Today marks the 50th anniversary of the March on Washington, an event drawing people of different races, geographies, economic backgrounds, and religions together to support racial equality. One group that played a large and often overlooked role was the Jewish American community. American Jews helped to establish many of the organizations that planned the March on Washington, including the NAACP, the Southern Christian Leadership Conference (SCLC), and the Student Nonviolent Coordination Committee (SNCC). According the Religious Action Center:
“During the Civil Rights Movement, Jewish activists represented a disproportionate number of whites involved in the struggle. Jews made up half of the young people who participated in the Mississippi Freedom Summer in 1964. Leaders of the Reform Movement were arrested with Rev. Dr. Martin Luther King, Jr. in St. Augustine, Florida, in 1964 after a challenge to racial segregation in public accommodations. Most famously, Rabbi Abraham Joshua Heschel marched arm-in-arm with Dr. King in his 1965 March on Selma.”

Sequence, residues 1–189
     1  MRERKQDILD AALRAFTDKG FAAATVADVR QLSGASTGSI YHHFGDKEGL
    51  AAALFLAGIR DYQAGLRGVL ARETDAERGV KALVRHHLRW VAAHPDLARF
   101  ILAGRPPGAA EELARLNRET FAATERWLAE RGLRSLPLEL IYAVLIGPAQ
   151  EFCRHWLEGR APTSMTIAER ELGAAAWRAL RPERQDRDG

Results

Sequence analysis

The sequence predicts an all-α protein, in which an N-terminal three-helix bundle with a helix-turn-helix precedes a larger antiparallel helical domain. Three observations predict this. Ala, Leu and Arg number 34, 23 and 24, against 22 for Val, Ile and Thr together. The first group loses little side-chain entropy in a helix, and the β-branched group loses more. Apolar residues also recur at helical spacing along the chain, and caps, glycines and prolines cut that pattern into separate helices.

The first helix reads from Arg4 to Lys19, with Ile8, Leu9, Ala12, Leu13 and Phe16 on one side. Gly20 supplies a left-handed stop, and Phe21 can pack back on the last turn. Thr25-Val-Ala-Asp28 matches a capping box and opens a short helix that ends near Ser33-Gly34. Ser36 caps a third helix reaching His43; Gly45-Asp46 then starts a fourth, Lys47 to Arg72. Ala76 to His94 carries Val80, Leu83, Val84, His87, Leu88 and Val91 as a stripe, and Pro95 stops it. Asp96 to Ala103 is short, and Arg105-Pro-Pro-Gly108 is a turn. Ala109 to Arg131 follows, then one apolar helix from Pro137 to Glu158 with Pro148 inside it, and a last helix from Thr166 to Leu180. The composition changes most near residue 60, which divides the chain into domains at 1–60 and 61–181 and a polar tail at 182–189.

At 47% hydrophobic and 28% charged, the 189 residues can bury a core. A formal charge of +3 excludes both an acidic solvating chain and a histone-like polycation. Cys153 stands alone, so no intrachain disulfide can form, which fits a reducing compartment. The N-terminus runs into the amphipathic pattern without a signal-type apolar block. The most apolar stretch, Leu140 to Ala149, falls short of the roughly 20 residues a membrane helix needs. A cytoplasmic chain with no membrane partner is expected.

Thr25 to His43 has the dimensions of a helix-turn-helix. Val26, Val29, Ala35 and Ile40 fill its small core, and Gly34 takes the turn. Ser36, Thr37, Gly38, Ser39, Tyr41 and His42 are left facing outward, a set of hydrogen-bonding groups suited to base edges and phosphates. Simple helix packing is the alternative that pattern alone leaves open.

Fifty years later, the Jewish commitment to equality continues. Forty-six percent of Jews consider the commitment to social equality the most important quality to their Jewish identity. Eighty-four percent of Jews say pursuing justice is an important Jewish value (with fifty-two percent of Jews saying it is a very important value) that informs their political beliefs and political activity. Jewish Americans connect their personal religious values and political behavior, with seventy-six percent of Jews saying synagogues should be engaged in public policy advocacy to address social problems. And as the high holidays approach, many Jews around the world consider anew their commitment to equality and dedication to social justice.